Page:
SSO 2017

Seven thoughts on the Sydney Symphony’s 2017 season.

You could summarise them as four pluses, a fifth plus (all pluses according to my taste of course) though in part depending, and two just saying.

1. Bartok

Bluebeard’s Castle is the headline act here.  I’m looking forward to this.  We’ll also be hearing an early obscurity, the Four Pieces Op 12 and the violin concerto.  The Miraculous Mandarin  features in a special Lantern Festival concert to be conducted by Tan Dun and otherwise made up of works by him.  I find this just a bit surprising because the scenario of TheMM has always seemed to me to be orientalist in a not very nice way.

2.  Brahms

We don’t often get to hear Brahms’ choral-orchestral works – even the German Requiem.  Next year we have the Alto Rhapsody (in the same concert as Bluebeard’s Castle)  and (on the one program) the Song of Destiny and the Song of the Fates.  There’s a bit more, including a recital (program not yet finalised) by Orli Shaham arranged around the Op 118 and 119 piano sets.  Big names play the violin concerto and first piano concerto in Special Events (see 7 below).

3.  Ravel

Nothing particularly unusual about performances of Bolero or La Valse, but the concert billed as “Ravishing Ravel” is something to write home about: David Robertson conducts Daphnis et Chloe (I hope the ballet rather than either of the suits) and Susan Graham sings Sheherazade.  She’s also the soloist in Mahler 3.  Is it mischievous to suggest that it would have been nice if we could have got Edo de Waart out for that?  I suppose not all stars can align.

4.  Haydn

He’s getting a bit of a revival, mostly in the “Mozart in the City” series at Angel Place, renamed in the body of the brochure “Mozart and Haydn in the City.”  Each concert includes a Haydn symphony. After the first concert, the remaining three will feature in order Morning, Noon and Evening.  I particularly like the program for the final concert, led by cellist Peter Wispelwey.  The Evening symphony will be matched (in the wine with food sense) with the Mozart Serenade for Winds K 388 with Wispelwey playing the (better-known of the two) Haydn cello concerto for dessert.

5.  Pelleas et M, Dutoit, Argerich

Charles Dutoit is to conduct Pelleas et Mellisande.  I’m very much looking forward to this even though it seems to me that it’s not really Debussy in rather the way that Mahler 1 is not really Mahler or Gurrelieder are not really Schoenberg. Martha Argerich’s Australian debut is announced for (I’m pretty sure) the third time. Dutoit will conduct.  She is to play Beethoven 2 and that program also includes The Three Cornered Hat.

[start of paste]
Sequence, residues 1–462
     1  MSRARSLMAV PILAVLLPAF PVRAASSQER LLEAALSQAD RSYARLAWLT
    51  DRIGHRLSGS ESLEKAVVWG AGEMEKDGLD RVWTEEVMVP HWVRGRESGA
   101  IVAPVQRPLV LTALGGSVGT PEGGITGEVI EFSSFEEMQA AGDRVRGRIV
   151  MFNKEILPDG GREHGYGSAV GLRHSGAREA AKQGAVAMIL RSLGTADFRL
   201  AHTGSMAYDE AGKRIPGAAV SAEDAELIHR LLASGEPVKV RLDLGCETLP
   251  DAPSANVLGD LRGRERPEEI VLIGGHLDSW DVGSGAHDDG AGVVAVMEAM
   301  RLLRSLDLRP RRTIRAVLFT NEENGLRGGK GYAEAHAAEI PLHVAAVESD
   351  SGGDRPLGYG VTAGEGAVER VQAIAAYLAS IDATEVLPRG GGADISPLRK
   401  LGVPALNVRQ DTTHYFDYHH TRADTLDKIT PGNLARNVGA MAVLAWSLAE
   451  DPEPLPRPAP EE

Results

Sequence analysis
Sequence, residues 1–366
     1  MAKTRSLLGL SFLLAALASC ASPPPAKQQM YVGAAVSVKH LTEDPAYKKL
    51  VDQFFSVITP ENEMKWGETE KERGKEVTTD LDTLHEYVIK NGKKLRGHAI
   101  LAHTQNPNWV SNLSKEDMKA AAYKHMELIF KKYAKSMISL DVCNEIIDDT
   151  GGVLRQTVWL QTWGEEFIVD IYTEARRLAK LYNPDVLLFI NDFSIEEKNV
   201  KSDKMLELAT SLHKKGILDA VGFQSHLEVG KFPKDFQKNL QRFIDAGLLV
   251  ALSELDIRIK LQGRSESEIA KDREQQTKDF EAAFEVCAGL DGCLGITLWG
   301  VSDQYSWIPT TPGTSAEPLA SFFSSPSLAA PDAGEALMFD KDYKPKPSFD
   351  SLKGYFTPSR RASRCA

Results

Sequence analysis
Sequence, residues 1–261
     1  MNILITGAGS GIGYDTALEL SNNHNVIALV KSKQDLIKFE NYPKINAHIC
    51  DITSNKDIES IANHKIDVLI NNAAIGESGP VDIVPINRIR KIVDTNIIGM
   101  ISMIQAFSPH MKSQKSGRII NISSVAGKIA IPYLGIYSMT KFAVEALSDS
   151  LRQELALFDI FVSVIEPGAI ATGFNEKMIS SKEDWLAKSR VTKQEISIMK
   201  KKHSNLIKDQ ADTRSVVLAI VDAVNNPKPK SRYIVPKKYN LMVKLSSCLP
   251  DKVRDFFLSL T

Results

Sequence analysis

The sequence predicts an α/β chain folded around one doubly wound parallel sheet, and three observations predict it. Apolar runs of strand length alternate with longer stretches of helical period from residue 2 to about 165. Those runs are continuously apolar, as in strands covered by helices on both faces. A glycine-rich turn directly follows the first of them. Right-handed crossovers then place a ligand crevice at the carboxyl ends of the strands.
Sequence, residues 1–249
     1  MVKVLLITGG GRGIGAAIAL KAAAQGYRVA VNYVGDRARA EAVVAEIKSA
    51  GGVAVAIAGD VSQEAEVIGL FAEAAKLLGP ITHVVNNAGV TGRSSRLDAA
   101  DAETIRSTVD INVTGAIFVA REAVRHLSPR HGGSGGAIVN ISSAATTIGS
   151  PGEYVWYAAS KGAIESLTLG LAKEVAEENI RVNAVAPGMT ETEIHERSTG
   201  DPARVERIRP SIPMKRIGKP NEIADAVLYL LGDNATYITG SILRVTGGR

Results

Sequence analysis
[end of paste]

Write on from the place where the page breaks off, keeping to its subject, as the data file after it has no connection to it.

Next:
6.   Rachmaninov

This is less interesting to me.  All four concerti are getting an outing, as well as the Symphony No 3 and the Symphonic Dances.  I put that down to box office.  More alarmingly, two of them, and the Symphony No 3, feature in 3 out of the 4 “Meet the Music” concerts, aimed primarily at high-school students.  Isn’t that a bit much?  It seems rich fare for the young and impressionable – a bit like too much red cordial.

7.   The Money

In 2015 the SSO’s finances took a bit of a knock with an operating loss of over $1.2 million. Premium reserve subscriptions for 2017 for the main full length series are about 12% more than they were for 2016, from $99 to $111.  I expect a similar increase has been applied across the board though I haven’t dug out last year’s brochure to check.

Gone, or attenuated, is the longue durée where you could wait for the big names to turn up in your series.  The trend continues of reserving the biggest names (with some honourable exceptions) for “Special Events.” Subscribers get first bite of the cherry but at a discount to the premium prices which is generally less than full-series subscription tickets receive over single tickets. This takes a bit of the gloss off subscribing.  If it keeps the general prices (relatively) down, then so be it, I suppose.

2 Responses to “SSO 2017”

  1. David Winterton Says:

    “It seems rich fare for the young and impressionable – a bit like too much red cordial.”

    What a silly, suburban, unctuous comment. Young people should be exposed to fine music.

    • marcellous Says:

      Yes, but there is other fine music to which the young could be exposed.

      What do you mean by “unctuous?” “Suburban” I can take though it’s meaningless without knowing from what position you consider it a word of scorn.

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